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Shiloh National M By Kathleen Walls Guest Publisher American Roads and Global Highways

What more fun place is there to learn about our history than a national park. Shiloh National Military Park is a great day’s getaway that combines fun and learning.

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he Corinth Civil War Interpretive Center was built on the battlefield site of Battery Robinett, one of the Union’s primary defense positions. A good place to start is with the video in the center’s theater. It explains the reason Corinth was such an important point in the Civil War. Two railroads: the Memphis and Charleston Railroad running east and west and the Mobile and Ohio Railroad running north and south were the Confederacy’s supply line. For victory, they had to hole it at all costs. The Union needed to cut that line to win the war. After the video, step outside and view the fountain. The fountain tells the first hundred years of United States history from an artistic point of view. Dates run along the side of the pool. The stone rising out of the pool has parts of the Declaration of Independence and Constitution representing the beginning of a new nation. Thirteen waterfalls representing the 13 colonies flow into one stream which represents the new nation. Following the fountain down new

states represented by new stones are placed. As a state enters the union they have to decide whether they are slave or free. The slave states, mainly southern states, are depicted on one side of the stream and free states, mainly northern on the other. (Do not forget that all slave states did not join the Confederacy. Four slave states; Kentucky, Tennessee, Maryland, and Missouri; fought for the Union). The red square stones represent conflicts. At the point marked 1861, the start of Civil War, the water becomes congested and slopes downward and splits into two streams. About 50 battles and campaigns are represented in the water by different sized square stones. The sizes represent the battles with the largest casualties. At the end of the pool, the two sections come back together representing the end of the war. At the far end of the fountain there are blocks representing three new amendments; the 13th freeing all slaves, 14th granting citizenship to former slaves, and the 15th granting the right to vote to Black men. This is called Reunification Bridge. The plaque here reads “The Civil War was fought over issues of liberty. The cost was high and many of these issues remain to be resolved.” The Center’s museum’s exhibits detail the story of both the battle of Shiloh and Corinth. Ironically, Shiloh, one of the bloodiest battles of the war at this point was mainly to capture Corinth. The first actual battle was a siege lasting from April 29 to May 30, 1862 resulting in a Union victory at Corinth after the Union took Shiloh. On Octo-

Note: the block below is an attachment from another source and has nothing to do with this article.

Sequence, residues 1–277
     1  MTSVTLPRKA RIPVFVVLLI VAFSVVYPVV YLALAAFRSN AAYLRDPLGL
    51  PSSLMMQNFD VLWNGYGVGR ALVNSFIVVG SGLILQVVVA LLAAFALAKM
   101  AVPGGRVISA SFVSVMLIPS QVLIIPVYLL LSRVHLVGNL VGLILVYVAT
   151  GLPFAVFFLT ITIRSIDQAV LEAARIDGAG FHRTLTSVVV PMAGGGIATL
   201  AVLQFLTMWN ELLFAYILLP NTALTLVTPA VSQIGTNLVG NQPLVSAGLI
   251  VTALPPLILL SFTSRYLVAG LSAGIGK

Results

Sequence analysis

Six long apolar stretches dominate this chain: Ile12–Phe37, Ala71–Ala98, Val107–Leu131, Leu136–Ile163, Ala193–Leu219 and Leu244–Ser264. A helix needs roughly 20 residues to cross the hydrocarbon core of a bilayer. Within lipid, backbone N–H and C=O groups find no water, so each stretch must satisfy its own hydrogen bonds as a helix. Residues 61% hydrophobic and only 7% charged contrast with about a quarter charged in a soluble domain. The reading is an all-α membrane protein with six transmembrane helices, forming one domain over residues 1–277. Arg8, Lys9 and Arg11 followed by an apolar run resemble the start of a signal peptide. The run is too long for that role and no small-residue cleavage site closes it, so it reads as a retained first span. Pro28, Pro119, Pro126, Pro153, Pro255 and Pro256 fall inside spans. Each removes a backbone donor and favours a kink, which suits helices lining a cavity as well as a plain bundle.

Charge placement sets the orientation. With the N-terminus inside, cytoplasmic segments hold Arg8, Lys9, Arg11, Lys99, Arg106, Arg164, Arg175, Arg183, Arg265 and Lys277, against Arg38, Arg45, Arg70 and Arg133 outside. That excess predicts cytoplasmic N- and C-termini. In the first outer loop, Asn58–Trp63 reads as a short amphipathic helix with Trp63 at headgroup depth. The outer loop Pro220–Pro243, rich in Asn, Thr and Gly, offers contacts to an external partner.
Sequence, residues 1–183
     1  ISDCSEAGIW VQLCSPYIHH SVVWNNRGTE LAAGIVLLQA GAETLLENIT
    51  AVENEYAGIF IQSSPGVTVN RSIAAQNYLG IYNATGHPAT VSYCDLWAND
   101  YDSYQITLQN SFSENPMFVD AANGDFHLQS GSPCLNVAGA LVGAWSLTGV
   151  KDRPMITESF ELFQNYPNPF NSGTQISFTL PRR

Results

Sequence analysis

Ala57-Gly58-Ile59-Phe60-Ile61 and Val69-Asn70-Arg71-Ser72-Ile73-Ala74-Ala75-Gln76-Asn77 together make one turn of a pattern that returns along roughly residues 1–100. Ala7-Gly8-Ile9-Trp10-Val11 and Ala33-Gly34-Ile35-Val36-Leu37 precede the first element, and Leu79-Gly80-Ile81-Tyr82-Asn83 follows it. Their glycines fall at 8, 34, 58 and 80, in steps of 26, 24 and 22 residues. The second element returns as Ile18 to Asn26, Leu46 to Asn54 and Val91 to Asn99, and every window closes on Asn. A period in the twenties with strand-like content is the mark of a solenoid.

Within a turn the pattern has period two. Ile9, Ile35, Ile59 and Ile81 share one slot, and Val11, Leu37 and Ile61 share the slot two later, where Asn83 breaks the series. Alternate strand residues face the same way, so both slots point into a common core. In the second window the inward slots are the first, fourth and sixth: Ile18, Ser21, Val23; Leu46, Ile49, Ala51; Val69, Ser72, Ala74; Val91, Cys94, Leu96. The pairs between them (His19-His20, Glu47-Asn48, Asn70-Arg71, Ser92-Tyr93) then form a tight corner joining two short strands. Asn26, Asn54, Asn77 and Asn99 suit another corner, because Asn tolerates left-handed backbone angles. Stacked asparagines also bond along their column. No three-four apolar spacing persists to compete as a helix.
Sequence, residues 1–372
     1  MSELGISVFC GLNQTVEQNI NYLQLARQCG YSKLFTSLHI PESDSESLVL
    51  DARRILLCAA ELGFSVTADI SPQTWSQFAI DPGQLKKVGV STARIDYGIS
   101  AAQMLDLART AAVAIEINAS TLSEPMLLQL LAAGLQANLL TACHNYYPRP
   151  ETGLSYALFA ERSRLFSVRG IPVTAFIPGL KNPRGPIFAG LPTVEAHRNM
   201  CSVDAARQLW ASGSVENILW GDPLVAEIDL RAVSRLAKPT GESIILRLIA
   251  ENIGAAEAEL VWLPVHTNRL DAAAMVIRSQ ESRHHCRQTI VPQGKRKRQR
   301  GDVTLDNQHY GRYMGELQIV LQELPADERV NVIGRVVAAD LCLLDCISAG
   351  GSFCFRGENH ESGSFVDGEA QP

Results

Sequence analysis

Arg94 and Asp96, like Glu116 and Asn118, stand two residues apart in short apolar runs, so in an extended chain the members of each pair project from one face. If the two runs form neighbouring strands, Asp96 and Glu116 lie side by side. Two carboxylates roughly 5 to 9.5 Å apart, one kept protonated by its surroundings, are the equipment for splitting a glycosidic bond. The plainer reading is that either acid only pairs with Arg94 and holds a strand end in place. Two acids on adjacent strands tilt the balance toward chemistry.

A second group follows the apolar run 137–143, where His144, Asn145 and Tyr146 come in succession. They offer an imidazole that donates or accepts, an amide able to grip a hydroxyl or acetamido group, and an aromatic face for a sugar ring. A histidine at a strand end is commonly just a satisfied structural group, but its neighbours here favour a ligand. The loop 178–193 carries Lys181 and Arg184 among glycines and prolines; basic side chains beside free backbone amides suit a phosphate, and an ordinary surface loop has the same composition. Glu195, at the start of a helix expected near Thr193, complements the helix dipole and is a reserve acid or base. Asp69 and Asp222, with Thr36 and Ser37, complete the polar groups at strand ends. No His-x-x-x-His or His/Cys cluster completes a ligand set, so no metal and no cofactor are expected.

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ber 3 and 4, 1862, the Confederates tried unsuccessfully to retake Corinth.

The Contraband Camp

About 2 miles east of the interpretive center is a park dedicated to some of thepositive results of the Civil War, The Contraband Camp. With Corinth in Union hands, African American seeking freedom fled to the Corinth where the Union army protected them as “contraband of war.” Former slaves built their own town complete with cabins, a church, school, and hospital. They grew crops and for the first time shared the profits. Now they were paid for labor once preformed for free. The camp would have accommodated several thousand people and had over 400 acres of crops. No known photograph of the camp is in existence today. The name “Contraband” was the standard term used in reference to runaway slaves during the war. Since under the current U s constitution they were still considered property, they could not